Wednesday, 30 October 2019

Debugging Azure functions locally

Actually the title of this post should be "Debugging your serverless apps locally".
I found a utility while working on Azure functions which helps you debug the function locally(if you have the source code, obviously). It is called ngrok. They have a pretty awesome website and very simple docs.


Steps to proceed are as below.
  1. Make sure your Azure function is up and running in your machine and you are able to hit the breakpoint from your local.
  2. Signup on the ngrok website.
  3. Download the ngrok utility(its an exe file). double click to execute. It opens a command prompt.
  4. Connect to your account. Upon login to ngrok website you will get an auth token which you have to use to connect to your account. command to execute "ngrok authtoken <your_token_here>". This step will create a .yml file in your users directory.
  5. Create a tunnel. Use command "ngrok http 7071". 7071 is the port you want to expose. I used it because its the default port for Azure function apps.
  6. Use the url provided by the ngrok utility to hit the breakpoint on your function from the internet.
I hope this was easy. Please share your thoughts in the comments below.

Wednesday, 23 October 2019

Getting started with Azure Event Grid

As a human being, every new thing scares us. Same was the case with me when I tried started working on Azure Event Grid. No article I was able to find that works out steps by step. The learning curve looked steep almost vertical ;)
Well in this post I try to reduce those efforts for you. I will try to list out the details required to get you started with Event Grid.

Below image is taken from Microsoft Event Grid documentation website.




Azure Event Grid as its mentioned everywhere, its a way to publish/subscribe your events in an easy way. If your subscriber is down It tries in a Exponential back-off way to deliver the message for 24 hours.

First thing you should know is 'Topic'. What is a topic?
Topic is an endpoint where the source sends the event. To respond to certain types of events, subscribers decide which topics to subscribe to.


Event Grid provides below-mentioned event sources: (Topics are already available, you can subscribe to them easily)
  • Azure Subscriptions
  • Container Registry
  • Custom Topics
  • Event Hubs
  • IoT Hub
  • Media Services
  • Resource Groups (management operations)
  • Service Bus
  • Storage Blob
  • Azure Maps


Below mentioned Event Handlers are supported: (You can receive the events using any of the below mechanism)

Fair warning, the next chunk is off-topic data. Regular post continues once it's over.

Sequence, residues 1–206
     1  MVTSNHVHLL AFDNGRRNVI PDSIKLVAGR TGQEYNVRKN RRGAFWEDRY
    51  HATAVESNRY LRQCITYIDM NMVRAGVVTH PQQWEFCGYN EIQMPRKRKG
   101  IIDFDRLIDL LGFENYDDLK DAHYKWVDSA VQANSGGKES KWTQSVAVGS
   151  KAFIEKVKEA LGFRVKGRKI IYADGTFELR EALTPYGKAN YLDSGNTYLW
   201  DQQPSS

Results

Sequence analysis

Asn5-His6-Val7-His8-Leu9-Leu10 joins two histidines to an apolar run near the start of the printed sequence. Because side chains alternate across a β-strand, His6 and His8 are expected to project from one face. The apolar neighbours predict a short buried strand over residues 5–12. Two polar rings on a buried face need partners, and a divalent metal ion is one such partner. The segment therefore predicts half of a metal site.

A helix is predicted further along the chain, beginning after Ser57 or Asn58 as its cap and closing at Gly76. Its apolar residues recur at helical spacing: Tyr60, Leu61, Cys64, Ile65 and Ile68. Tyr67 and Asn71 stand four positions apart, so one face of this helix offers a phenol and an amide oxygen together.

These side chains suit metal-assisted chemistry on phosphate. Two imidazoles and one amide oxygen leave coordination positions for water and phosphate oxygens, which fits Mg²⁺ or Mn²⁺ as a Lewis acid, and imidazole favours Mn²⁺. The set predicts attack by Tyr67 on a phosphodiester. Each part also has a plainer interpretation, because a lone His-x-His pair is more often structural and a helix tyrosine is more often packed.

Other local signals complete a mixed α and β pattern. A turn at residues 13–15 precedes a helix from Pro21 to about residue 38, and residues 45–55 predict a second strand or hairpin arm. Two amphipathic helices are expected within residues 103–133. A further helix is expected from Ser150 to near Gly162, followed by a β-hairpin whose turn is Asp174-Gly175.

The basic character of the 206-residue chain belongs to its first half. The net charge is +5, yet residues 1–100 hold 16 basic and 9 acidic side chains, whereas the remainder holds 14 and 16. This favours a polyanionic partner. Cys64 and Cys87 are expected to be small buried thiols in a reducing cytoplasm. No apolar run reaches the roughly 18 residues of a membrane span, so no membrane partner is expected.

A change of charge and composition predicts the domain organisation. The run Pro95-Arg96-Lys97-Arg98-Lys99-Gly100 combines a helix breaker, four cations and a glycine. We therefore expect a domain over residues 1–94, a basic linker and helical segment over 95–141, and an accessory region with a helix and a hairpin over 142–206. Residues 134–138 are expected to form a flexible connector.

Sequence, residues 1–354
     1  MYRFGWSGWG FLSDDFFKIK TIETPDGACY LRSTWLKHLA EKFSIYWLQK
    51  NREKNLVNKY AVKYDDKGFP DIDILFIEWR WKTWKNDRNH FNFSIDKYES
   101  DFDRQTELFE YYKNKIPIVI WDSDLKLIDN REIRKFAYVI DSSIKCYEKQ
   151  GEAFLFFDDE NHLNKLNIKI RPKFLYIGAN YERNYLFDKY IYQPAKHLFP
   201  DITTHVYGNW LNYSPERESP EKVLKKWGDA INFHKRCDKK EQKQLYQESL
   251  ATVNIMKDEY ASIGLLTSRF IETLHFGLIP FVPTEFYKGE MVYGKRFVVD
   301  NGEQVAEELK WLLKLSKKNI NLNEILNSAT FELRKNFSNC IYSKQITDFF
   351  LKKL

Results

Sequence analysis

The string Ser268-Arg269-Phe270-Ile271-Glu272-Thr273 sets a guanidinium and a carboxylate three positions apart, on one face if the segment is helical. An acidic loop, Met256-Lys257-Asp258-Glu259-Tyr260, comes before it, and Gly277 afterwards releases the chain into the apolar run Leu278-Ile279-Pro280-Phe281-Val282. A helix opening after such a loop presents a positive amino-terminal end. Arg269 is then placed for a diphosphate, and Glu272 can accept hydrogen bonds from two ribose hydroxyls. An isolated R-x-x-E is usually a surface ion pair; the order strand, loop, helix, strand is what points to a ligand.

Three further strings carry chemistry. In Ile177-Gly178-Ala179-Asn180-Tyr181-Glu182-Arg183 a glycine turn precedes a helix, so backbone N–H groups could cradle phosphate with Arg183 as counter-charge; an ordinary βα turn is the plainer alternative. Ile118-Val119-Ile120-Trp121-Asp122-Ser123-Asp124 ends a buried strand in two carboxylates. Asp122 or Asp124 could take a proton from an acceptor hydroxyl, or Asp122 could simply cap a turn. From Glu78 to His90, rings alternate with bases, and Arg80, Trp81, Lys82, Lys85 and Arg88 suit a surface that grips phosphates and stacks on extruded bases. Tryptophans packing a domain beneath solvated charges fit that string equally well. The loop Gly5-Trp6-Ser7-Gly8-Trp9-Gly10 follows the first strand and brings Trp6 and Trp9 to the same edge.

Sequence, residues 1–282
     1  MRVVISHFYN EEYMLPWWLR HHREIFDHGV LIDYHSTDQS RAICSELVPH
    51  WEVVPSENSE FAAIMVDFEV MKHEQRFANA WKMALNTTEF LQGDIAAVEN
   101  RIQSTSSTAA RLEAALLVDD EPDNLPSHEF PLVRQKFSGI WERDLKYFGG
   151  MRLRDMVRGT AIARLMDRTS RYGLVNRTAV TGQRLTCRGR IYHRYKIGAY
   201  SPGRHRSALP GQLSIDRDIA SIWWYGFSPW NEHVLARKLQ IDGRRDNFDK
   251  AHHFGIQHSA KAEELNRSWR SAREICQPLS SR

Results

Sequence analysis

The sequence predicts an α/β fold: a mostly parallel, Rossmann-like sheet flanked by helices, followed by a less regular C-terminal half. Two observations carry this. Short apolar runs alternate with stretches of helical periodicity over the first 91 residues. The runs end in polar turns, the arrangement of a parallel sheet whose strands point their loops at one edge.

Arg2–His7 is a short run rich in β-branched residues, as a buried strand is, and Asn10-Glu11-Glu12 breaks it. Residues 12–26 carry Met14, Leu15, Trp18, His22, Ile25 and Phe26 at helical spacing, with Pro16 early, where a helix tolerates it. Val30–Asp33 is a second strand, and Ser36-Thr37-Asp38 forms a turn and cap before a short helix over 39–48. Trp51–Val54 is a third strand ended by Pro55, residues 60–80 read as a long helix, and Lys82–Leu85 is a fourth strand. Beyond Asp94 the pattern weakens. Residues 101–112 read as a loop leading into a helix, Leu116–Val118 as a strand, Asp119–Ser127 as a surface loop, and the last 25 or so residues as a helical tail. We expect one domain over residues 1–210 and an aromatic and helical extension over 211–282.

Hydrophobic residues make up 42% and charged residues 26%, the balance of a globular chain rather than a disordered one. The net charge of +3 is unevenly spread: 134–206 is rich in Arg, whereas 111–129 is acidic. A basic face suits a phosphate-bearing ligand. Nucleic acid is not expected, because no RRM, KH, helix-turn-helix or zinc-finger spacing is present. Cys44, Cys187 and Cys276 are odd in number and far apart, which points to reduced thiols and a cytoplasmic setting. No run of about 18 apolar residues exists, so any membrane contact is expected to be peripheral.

• Azure Automation
  • Azure Functions
  • Event Hubs
  • Hybrid Connections
  • Logic Apps
  • Microsoft Flow
  • Queue Storage
  • Service Bus (Preview)
  • WebHooks

The good thing is that you can publish an event of your own using a schema (Custom topic). what it means in real world terms is you call an api with the data in specified format and it will work as event generated and event grid will push it to all the subscribers of that event.

There are three types of schema available.
In case of inbuilt event providers you can even apply filters to the event, so you will get the event you wish to.

Retry policies can be configured. You can also expire the event after certain time.

Please share your thoughts in the comments below.

Tuesday, 8 October 2019

Azure functions, A server less compute

First thing I thought about was "What does it mean when someone says its serverless?"

Well I have found my answer serverless doesn't mean it will not run on server first of all. 😉 It means that you don't have to worry about the server resources and other stuff. You just pay for the time your function is executing. If your function executes for 20 seconds per day well then you mostly will pay for that. You  can explore more about the pricing using the links given at the end of this post.

How to get started? Usually that is the most difficult thing to do.

Create a function is as simple as working on a console app. Open Visual Studio. Create new project of Azure functions type and you are done. :)

Make sure you select:
  1. Http Trigger
  2. Authorization: Anonymous
  3. Function Runtime (2.x)
  4. Storage Account (Storage Emulator) standalone installer

You are ready to go. Press F5 to run your solution, you can see a command window firing up (which has lot of node.js work behind the scenes). Wait till it gives you the URL which mostly is http://localhost:7071/api/function1if you have not done any changes in the default out of the box app.


There is a pretty comprehensive documentation available.

Azure Functions pricing

 Please share your thoughts in the comments below.

Wednesday, 2 October 2019

Connect to your broadband using win32 api using RasDial

So yesterday my router stopped working and new one will come in mail by today. Its one day that I was like without internet (not actually). I tried putting LAN directly to my laptop and connect to broadband. It worked like charm,  but the only problem I am facing now is connecting and disconnecting the connection. So, as a person who knows how to Google I tried finding a command to connect to internet by dialing up my broadband (PPPoE connection) and make it as a batch, just double click and it should work.

I found a command line utility called RasDial which is (RemoteAccessService). If you have already a network connection setup in your computer. you can directly open command prompt and type rasdial /? which gives you all the option to connect. If you have not done the setup yet you can check this link and do it.



Usage:
  1. Connection: rasdial <YourConnectionName>
  2. Status: rasdial
  3. Disconnection: rasdial <YourConnectionName> /disconnect
Pretty simple and straight forward. Please share what you think about it in the comments below.